When it's almost midnight, and you're working on the most complicated lace you've ever made, when you have a chart you can barely understand and your progress is slow because you need to stare at the chart at all times, and you find a stitch several rows below that is actually in the right place, and there's no visible mistake (for a relative value of visible), but you split the stitch (knitting between the two strands of a 2-ply yarn)...
Trying to fix it before a good night of sleep is the worst idea ever.
I'm going to leave it until tomorrow, and then I'll try again. If I can't fix it, there goes 2 days of progress.
I've been feeling guilty for the lack of posts, and always planning an awesome comeback that never appeared, so I'll just cut it and show what's going on with my spindles:
The Sassy Sheep sw merino in Katie's Rainbow on the Schacht, undyed tussah silk from World or Wool on the Jenkins Turkish Delight, blue tussah from Wingham Wool Work being plied on the Hound Dervish (singles were spun on a Bosworth Featherweight.)
Fiber Optic Siren Song Unspun (after handcarding) on the Gripping Yarn russian, AbbyBatts in Estreno on the pink ivory Spanish Peacock russian, just-begun Ashland Bay in McKenzie on the tulipwood Spanish Peacock (not sure if I'll go on with this fiber/spindle combo yet.)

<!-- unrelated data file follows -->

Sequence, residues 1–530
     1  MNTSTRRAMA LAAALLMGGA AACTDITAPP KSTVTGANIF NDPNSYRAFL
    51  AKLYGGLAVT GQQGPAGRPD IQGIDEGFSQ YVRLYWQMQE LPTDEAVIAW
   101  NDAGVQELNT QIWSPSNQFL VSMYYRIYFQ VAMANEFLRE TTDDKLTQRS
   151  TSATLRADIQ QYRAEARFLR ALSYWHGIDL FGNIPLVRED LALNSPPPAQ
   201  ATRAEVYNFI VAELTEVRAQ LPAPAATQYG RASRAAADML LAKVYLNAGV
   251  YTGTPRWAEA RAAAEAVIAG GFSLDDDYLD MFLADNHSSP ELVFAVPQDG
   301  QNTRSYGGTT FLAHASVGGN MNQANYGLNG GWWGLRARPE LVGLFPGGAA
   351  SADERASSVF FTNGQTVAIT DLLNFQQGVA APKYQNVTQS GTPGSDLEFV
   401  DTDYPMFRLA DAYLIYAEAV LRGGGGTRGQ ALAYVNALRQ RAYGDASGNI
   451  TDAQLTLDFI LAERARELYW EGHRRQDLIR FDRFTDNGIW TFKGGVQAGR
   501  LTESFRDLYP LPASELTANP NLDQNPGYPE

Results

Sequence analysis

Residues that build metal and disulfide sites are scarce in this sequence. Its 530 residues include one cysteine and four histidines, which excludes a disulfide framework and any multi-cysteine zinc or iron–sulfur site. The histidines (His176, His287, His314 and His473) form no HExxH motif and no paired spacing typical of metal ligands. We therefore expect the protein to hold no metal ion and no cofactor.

I felt like I've been on the brink of finishing this shawl for ages, and never really got to it. It's finally done! Remember thisyarn? It's all grown up now:
The pattern is High Seas, by Kieran Foley, knit with my own handspun (light gray cashmere/mulberry silk), less than 800 yards on 3,75mm needles. The pattern has a pretty long repeat, 40 rows, and it's partially patterned on both sides. Something I learned the hard way: pay attention to the bolded lines dividing the different zones on the chart. I didn't, and ended up repeating the whole chart for the starting border, instead of only the 2 central squares that make the eyelets. When I was done I ended up frogging the starting border stitch by stitch, from the cast-on edge, and re-knitting it using the finishing border chart. Way too much work that could have been easily avoided.
Like the yarn, the shawl changes its colour depending on the light conditions. This pic, where it looks really gray, shows very well the white spots on the yarn, from where the silk got more concentrated:
In a different light it looks a little brown, or even a little golden:
Notice too how the cashmere gives the shawl a little, subtle halo, while the silk makes it look a little shiny, and the lots of twist on the yarn give a crispy stitch definition:
My favourite part is the little waves, though. I've already blocked the shawl, but they still have movement and texture.